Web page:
I have been wracking my brains for a week in an attempt to say something useful to you about Christmas paradox. You will know something of this when you think that God who is everywhere becomes somewhere; or again God who is other becomes one of us. Christmas is full of paradoxes, opposites which defy explanation.
Then pennies started to drop for me. It is extremely stressful to attempt to explain the inexplicable. Such activity can generate exhaustion, frustration and irritation. Centuries of history show you religious scholars attempting to reduce God to the explicable. So rather than stress, may I drop a few pennies of observation for you to take with you and spend this week?
Christmas paradox shows you that this story is not human in origin. As soon as the first Christmas arrives, God is shown to be more than one, as well as one. Secondly, Jesus is shown to be human and divine, simultaneously.
We humans prefer our stories to make sense, to resolve, to fit together. Christmas does not. No one would make this up because it’s inexplicable, indefensible, incomprehensible. Christmas is not human even though it centres on one human.
The old man Simeon, who greeted the eight-day old Jesus at the Temple, realized that this baby would grow into a man who reveals hearts.
Your reaction to the Christmas paradox reveals your heart, and that of others. Faced with an inexplicable Jesus, people want to explain him, reduce him, marginalize him, ignore him or even attempt to destroy him.
None of these things work. Paradox reveals your finite mind and limited heart. It exposes your boundaries, shines a light on your floors. Could it be that one of the causes of our stress pandemic is our struggle with paradox?
I doubt if you make connections each week with workplace stress and paradox but think again about how many coworkers live with a suspicion that things don’t add up or make sense. It’s there in the background and Christmas brings it to your attention.
Why has your good friend got cancer? Why are some unable to conceive? Why do good businesses fail? Why does this world suffer so?
Behind our sincere questions lies a struggle with a paradox. Two or more things do not add up.
Christmas is a joyful story, yet full of mystifying paradox. Next week I’ll attempt a poetic illustration of this truth for you.
Christmas, therefore, is disturbing. It’s very inexplicable nature invites you to say, “I do not understand” followed by “I cannot explain it”. Pause and feel your reaction to that. Does it relieve the need to struggle and stress? Actually it does.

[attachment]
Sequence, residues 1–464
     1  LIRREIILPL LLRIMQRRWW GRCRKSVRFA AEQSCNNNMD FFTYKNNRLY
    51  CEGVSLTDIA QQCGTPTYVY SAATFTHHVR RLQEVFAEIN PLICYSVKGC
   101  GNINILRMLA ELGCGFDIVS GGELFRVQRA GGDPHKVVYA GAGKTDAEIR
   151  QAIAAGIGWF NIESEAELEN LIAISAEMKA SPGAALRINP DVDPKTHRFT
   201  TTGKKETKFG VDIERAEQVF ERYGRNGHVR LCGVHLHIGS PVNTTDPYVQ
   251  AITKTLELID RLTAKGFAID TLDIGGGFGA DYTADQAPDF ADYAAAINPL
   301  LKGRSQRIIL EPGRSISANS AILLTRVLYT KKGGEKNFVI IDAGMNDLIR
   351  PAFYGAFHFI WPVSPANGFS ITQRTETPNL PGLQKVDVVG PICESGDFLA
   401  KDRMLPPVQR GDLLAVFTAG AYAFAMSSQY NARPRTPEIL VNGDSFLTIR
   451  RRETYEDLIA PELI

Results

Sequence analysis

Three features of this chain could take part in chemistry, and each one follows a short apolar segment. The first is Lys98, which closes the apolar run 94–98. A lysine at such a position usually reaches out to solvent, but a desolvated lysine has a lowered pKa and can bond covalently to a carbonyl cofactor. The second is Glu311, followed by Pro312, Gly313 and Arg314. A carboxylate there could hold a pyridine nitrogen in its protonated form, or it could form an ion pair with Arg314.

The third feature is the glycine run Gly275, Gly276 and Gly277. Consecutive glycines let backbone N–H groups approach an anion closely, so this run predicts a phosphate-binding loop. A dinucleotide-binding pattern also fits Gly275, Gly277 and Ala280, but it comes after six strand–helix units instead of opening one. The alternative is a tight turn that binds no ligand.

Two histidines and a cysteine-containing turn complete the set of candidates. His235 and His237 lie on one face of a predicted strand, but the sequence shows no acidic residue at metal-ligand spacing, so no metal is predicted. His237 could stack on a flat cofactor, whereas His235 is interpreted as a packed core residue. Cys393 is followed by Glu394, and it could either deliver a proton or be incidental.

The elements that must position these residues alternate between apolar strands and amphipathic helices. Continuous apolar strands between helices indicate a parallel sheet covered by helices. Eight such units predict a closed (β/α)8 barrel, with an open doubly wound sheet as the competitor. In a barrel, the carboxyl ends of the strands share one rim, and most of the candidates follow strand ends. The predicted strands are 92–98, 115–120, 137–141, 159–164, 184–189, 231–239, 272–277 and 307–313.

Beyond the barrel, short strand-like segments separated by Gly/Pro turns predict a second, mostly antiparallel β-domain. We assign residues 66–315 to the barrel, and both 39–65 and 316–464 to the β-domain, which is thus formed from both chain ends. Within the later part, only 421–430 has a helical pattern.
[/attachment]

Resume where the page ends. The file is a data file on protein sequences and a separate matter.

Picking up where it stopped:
Yet paradox drives us to our knees, not in despair, but wonder. It is not with failure, resignation or rebellion that you fall, but awe. As you fall down with the shepherds, with the wise men, with Mary and Joseph, with Simeon and Anna, you will find that you join, not in the company of the defeated, but worshippers. Then you meet the paradox.
As you worship the Son you meet the Father by the Spirit. You cannot explain it, but you can experience it. As you worship the Son of Man you realize that he is Divine. As you worship the newborn one-day old King, you meet the eternal I Am.
So when you go to work this week and wonder what you do for a living, your answer is “I worship a paradox”. Then look at everything you do and realize it is all worship – everything. Every task you undertake this week is worship of the paradox. Don’t be surprised if some things don’t add up, they were never meant to add up in your mind.
So after wracking my brains for a week, I realize there is one last thought for me about Christmas paradox.
If you think you can understand Christmas, you really haven’t understood.
If you think you can’t understand Christmas, you really have understood.
But you still can’t understand Christmas.
Better to worship.
21 On the eighth day, when it was time to circumcise the child, he was named Jesus, the name the angel had given him before he was conceived. 22 When the time came for the purification rites required by the Law of Moses, Joseph and Mary took him to Jerusalem to present him to the Lord 23 (as it is written in the Law of the Lord, “Every firstborn male is to be consecrated to the Lord”), 24 and to offer a sacrifice in keeping with what is said in the Law of the Lord: “a pair of doves or two young pigeons.”25 Now there was a man in Jerusalem called Simeon, who was righteous and devout. He was waiting for the consolation of Israel, and the Holy Spirit was on him. 26 It had been revealed to him by the Holy Spirit that he would not die before he had seen the Lord’s Messiah. 27 Moved by the Spirit, he went into the temple courts. When the parents brought in the child Jesus to do for him what the custom of the Law required, 28 Simeon took him in his arms and praised God, saying: 29 “Sovereign Lord, as you have promised, you may now dismiss your servant in peace. 30 For my eyes have seen your salvation, 31 which you have prepared in the sight of all nations: 32 a light for revelation to the Gentiles, and the glory of your people Israel.” 33 The child’s father and mother marveled at what was said about him. 34 Then Simeon blessed them and said to Mary, his mother: “This child is destined to cause the falling and rising of many in Israel, and to be a sign that will be spoken against, 35 so that the thoughts of many hearts will be revealed. And a sword will pierce your own soul too.” 36 There was also a prophet, Anna, the daughter of Penuel, of the tribe of Asher. She was very old; she had lived with her husband seven years after her marriage, 37 and then was a widow until she was eighty-four. She never left the temple but worshiped night and day, fasting and praying. 38 Coming up to them at that very moment, she gave thanks to God and spoke about the child to all who were looking forward to the redemption of Jerusalem.
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